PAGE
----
Under New Mexico’s Service Animal Act and the federal Americans with Disabilities Act (ADA), people with disabilities have the right to be accompanied by their service animals in restaurants, hotels, stores, theaters, and other public places. Below, we explain which public accommodations are covered, which animals qualify as service animals, and some rules you may need to follow with your service animal.
Under the New Mexico Service Animal Act, public accommodations must allow you to be accompanied by your "qualified service animal." A qualified service animal is a service dog or service miniature horse that is trained to do work or perform tasks for the benefit of an individual with a disability.
Under the ADA, a service animal is a dog or miniature horse that has been trained to perform disability-related tasks for the benefit of a person with a disability. Examples of service animals that must be allowed into public accommodations under the ADA include:
The ADA doesn’t include pets or what some people call “emotional support animals”: animals that provide a sense of safety, companionship, and comfort to those with psychiatric or emotional conditions. Although these animals often have therapeutic benefits, they are not individually trained to perform specific tasks for their handlers.
New Mexico service animal law specifically excludes emotional support animals, comfort animals, and therapy animals, which are defined as animals that accompany people with disabilities, but do not perform work or tasks for them and do not accompany them at all times.
In New Mexico, people with disabilities may be accompanied by their qualified service animals on all common carriers (forms of transportation), to all public accommodations, and into all buildings that are open to the public. The law doesn’t further define what qualifies as a public accommodation, but generally the term includes lodgings, stores, restaurants, public gathering places, and more.
Under the ADA, the definition of public accommodations is very broad. It includes:
The ADA and New Mexico law prohibit public accommodations from charging a special admission fee or requiring you to pay any other extra cost to have your service animal with you. However, you may have to pay for any damage your animal causes.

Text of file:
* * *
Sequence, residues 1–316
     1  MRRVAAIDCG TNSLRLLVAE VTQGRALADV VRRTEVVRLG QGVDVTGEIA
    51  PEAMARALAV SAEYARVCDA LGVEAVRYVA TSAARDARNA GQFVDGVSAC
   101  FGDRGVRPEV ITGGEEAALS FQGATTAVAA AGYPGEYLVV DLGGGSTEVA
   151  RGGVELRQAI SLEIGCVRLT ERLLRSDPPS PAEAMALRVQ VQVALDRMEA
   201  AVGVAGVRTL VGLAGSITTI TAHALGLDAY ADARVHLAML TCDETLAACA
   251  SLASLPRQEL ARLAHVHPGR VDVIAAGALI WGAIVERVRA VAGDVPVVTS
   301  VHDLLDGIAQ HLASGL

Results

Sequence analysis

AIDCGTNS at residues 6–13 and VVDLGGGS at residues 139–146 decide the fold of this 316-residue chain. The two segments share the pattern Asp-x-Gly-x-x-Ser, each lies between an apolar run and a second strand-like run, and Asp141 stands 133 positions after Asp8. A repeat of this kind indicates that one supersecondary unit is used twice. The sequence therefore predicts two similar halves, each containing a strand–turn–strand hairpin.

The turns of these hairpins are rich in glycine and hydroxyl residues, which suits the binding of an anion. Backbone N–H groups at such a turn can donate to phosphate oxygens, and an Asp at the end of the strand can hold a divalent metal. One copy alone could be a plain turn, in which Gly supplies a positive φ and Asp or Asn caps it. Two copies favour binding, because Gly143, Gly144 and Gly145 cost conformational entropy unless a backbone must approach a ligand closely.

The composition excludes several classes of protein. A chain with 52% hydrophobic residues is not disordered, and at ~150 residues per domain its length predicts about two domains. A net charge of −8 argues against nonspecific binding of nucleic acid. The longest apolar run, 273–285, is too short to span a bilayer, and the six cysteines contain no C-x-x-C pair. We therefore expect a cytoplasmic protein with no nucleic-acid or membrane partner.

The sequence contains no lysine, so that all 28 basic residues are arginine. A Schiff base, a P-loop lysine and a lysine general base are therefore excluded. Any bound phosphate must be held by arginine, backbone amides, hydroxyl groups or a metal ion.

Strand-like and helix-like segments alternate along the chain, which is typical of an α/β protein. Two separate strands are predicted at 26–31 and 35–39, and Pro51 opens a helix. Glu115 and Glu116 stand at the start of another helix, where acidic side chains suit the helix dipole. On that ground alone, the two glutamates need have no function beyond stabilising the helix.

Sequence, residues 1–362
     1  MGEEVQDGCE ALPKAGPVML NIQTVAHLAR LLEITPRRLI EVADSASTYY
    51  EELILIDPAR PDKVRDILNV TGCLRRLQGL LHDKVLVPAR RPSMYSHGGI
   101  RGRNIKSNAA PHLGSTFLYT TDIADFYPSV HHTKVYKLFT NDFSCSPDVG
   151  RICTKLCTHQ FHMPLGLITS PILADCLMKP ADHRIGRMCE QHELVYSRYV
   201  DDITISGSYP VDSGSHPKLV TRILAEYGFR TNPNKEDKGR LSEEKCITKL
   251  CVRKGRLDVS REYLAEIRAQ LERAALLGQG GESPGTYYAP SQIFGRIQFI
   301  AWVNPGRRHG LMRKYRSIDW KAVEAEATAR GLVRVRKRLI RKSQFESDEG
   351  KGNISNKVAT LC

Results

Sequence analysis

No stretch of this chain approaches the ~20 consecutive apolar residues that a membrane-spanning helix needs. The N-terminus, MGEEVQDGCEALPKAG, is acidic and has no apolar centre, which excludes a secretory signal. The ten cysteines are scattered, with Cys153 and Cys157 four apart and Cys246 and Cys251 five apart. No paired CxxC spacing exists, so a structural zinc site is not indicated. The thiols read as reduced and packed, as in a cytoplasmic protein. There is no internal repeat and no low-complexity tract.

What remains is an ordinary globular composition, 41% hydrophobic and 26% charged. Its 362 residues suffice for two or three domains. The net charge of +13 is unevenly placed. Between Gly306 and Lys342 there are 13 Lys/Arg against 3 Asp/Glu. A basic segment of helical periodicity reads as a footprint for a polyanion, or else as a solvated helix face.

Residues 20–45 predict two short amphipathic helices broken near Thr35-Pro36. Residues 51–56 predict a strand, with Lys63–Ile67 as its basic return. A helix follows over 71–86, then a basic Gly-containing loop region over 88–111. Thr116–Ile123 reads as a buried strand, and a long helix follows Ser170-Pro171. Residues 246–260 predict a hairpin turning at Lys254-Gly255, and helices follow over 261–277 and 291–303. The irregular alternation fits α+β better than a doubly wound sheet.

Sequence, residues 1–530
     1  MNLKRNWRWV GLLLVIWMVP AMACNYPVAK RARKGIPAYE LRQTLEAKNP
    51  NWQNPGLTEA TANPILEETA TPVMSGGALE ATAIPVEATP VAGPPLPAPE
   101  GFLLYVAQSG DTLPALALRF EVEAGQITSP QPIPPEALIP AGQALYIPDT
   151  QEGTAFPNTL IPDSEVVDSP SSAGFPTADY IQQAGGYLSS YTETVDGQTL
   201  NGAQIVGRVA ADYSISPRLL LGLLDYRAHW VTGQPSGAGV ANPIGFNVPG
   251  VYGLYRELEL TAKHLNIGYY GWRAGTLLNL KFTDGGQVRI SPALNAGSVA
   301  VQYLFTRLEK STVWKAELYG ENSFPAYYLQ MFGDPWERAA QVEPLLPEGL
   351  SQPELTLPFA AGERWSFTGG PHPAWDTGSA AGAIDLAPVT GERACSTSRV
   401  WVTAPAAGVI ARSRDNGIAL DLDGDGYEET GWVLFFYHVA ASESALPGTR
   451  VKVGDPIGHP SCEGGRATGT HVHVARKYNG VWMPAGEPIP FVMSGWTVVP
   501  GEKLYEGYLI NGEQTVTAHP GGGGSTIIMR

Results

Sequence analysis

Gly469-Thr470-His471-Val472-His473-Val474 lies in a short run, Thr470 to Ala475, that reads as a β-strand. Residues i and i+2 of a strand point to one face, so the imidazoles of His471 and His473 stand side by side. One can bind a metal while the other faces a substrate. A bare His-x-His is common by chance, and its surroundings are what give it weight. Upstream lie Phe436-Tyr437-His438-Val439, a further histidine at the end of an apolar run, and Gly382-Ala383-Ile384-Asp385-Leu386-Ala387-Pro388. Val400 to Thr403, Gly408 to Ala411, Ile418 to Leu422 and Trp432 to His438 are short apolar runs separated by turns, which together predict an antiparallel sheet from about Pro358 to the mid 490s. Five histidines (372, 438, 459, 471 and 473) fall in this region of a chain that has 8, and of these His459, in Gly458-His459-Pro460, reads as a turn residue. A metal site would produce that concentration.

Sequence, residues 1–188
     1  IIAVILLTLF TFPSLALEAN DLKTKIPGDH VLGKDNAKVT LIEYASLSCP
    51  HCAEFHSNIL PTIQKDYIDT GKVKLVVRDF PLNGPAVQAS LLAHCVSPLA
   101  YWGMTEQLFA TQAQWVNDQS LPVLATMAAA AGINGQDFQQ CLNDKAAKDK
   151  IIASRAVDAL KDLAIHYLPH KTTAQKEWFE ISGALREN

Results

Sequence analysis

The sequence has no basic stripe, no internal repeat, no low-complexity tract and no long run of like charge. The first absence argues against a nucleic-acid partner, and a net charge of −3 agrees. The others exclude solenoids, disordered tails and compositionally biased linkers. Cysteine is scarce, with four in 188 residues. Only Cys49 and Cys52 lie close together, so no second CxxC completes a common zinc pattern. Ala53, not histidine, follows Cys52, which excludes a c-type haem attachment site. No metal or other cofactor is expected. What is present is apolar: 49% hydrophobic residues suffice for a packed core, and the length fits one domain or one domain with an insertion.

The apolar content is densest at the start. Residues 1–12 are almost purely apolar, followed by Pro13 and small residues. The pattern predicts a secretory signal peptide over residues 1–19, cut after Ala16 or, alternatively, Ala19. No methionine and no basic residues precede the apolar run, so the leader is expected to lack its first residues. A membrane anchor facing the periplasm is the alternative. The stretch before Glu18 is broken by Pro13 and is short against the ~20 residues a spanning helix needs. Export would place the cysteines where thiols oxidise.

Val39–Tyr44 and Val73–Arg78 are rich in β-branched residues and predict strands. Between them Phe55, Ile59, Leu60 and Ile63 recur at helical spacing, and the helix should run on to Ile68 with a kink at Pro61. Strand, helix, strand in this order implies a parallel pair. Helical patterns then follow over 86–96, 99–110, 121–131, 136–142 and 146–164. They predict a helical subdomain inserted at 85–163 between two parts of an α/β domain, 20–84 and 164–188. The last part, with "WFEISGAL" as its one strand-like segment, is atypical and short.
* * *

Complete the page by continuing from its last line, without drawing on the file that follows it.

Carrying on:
Under the ADA, a public accommodation may not ask you questions about your disability or demand to see certification, identification, or other proof of your animal’s training or status. If it is not apparent what your service animal does, the establishment may ask you only whether it is a service animal, and what tasks it performs for you.
The ADA and New Mexico’s Service Animal Act allows a public accommodation to exclude your service animal if it poses a direct threat to health and safety (or example, if your dog is aggressively barking and snapping at other customers, the facility can kick the dog out). Your animal may also be excluded if it is not housebroken, or if it is out of control and you are unable or unwilling to effectively control it. You are still entitled to enter the public accommodation even if your service animal is not allowed in.
The federal Fair Housing Act prohibits discrimination in housing accommodations against those who use service animals. You must be allowed full and equal access to all housing facilities, and may not be charged extra for having a service animal (although you may have to pay for damage your animal causes). If your lease or rental agreement includes a “no pets” provision, it does not apply to your service animal.
In addition, the federal Fair Housing Act says that housing facilities must allow service dogs and emotional support animals, if necessary for a person with a disability to have an equal opportunity to use and enjoy the home. To fall under this provision, you must have a disability and you must have a disability-related need for the animal. In other words, the animal must work, perform tasks or services, or alleviate the emotional effects of your disability in order to qualify.
New Mexico’s Human Rights Act prohibits housing discrimination based on disability, as long as the person’s disability is not related to his or her ability to rent or maintain the housing under consideration. This law doesn’t mention service animals. New Mexico landlords are still subject to the federal Fair Housing Act, however.